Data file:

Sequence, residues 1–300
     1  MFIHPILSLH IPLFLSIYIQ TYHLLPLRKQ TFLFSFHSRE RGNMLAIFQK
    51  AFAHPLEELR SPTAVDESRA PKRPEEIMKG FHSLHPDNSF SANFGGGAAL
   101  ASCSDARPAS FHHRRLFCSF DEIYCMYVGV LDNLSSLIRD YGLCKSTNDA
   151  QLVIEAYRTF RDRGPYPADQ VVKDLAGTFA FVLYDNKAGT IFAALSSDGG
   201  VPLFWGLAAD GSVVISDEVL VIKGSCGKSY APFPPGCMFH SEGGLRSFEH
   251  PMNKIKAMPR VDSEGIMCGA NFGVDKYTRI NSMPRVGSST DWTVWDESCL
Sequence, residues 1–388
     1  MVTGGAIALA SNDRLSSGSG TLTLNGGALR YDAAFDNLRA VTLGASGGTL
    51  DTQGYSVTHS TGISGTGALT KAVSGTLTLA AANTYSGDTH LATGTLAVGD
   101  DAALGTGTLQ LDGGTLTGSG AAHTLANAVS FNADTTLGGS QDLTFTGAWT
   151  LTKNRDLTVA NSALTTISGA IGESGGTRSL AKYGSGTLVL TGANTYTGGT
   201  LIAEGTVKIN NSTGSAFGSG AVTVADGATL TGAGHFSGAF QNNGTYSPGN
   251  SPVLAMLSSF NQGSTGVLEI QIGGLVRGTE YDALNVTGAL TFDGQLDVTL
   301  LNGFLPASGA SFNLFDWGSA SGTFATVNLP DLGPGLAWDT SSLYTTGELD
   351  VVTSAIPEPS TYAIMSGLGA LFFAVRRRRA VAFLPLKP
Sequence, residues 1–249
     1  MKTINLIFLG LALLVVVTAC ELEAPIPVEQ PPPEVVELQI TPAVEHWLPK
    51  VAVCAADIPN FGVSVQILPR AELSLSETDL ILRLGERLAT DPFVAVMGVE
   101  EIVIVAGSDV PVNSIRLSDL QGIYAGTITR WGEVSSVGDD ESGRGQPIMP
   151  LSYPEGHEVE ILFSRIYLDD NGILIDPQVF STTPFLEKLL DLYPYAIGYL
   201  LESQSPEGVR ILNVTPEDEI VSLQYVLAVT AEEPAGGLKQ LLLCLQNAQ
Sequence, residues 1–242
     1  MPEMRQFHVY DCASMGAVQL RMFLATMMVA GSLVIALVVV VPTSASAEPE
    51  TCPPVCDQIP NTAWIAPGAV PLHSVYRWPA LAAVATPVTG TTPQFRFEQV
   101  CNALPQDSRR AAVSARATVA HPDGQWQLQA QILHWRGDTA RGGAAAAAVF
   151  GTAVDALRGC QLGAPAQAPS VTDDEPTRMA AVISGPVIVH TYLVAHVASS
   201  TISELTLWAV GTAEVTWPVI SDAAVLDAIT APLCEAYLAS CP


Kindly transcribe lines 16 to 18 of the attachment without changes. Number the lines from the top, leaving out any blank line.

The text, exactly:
   351  VVTSAIPEPS TYAIMSGLGA LFFAVRRRRA VAFLPLKP
Sequence, residues 1–249
     1  MKTINLIFLG LALLVVVTAC ELEAPIPVEQ PPPEVVELQI TPAVEHWLPK